As Democrats and Republicans in Washington, D.C., blame each other over the prospects of a U.S. government shutdown, U.S. citizens living out of the country, including in Ecuador, wonder how a shutdown will affect them?
The biggest issue for most expat retirees is whether they will continue to receive their Social Security payments. The answer is yes, although new sign-ups for the system could be delayed, since government employees who ordinarily handle new accounts will probably be on furlough.
Social Security and the U.S. armed forces are generally considered the “third rails” in any budget dispute in Congress. Neither Democrats or Republicans want to be blamed for stopping payments to retirees, who constitute a large voting block or, for imperiling the ability of military forces to defend U.S. interests.
Other effects on expats could be to air travel, since air traffic controllers and Transportation Security Administration (TSA) employees are on the government payroll. In two government shutdowns in the 1990s, thousands of flights, including international flights, were cancelled.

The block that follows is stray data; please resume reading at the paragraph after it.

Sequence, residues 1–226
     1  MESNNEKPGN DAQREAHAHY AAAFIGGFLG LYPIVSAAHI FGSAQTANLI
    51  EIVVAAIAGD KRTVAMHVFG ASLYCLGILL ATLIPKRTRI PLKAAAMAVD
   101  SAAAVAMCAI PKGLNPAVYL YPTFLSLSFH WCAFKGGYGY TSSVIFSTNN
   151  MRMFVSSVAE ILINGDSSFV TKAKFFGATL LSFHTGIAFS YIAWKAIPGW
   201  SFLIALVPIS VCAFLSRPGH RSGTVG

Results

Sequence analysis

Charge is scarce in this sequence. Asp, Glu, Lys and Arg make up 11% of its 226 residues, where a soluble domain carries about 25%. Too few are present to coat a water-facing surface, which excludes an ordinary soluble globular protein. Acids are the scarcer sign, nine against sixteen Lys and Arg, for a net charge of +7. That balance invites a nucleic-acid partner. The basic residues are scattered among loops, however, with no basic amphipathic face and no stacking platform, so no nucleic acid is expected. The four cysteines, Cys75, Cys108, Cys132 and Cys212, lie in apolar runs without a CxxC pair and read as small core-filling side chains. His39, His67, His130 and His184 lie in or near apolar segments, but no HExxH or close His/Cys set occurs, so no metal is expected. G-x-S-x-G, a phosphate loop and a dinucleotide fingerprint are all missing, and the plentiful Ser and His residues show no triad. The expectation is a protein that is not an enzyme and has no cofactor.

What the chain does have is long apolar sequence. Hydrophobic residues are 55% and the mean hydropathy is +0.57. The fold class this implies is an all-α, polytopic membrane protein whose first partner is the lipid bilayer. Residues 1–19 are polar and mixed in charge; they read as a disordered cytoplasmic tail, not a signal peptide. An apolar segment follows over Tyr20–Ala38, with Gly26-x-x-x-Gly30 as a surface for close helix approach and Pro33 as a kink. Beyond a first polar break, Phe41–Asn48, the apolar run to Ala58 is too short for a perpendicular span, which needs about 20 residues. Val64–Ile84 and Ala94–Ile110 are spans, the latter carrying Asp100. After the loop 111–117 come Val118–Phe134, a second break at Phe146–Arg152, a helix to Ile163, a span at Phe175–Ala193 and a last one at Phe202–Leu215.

Another possible impact on expats would be to those who need documents processed by the U.S. government. A shutdown would also affect those about to ship household goods from the U.S., since all outgoing shipments need to be checked by government customs agents, most of whom would be on furlough.
Although U.S. embassies and consulates would not close because of their strategic importance, some services to expats and travelers could be affected, including issuance and renewal of passports, as well as general assistance provided to citizens living and traveling out of the country.
Although a short shutdown will have limited affect on most people, including expats, a prolonged cessation of government activities could have dire consequences. At this point, no one in the government wants to speculate on such a scenario.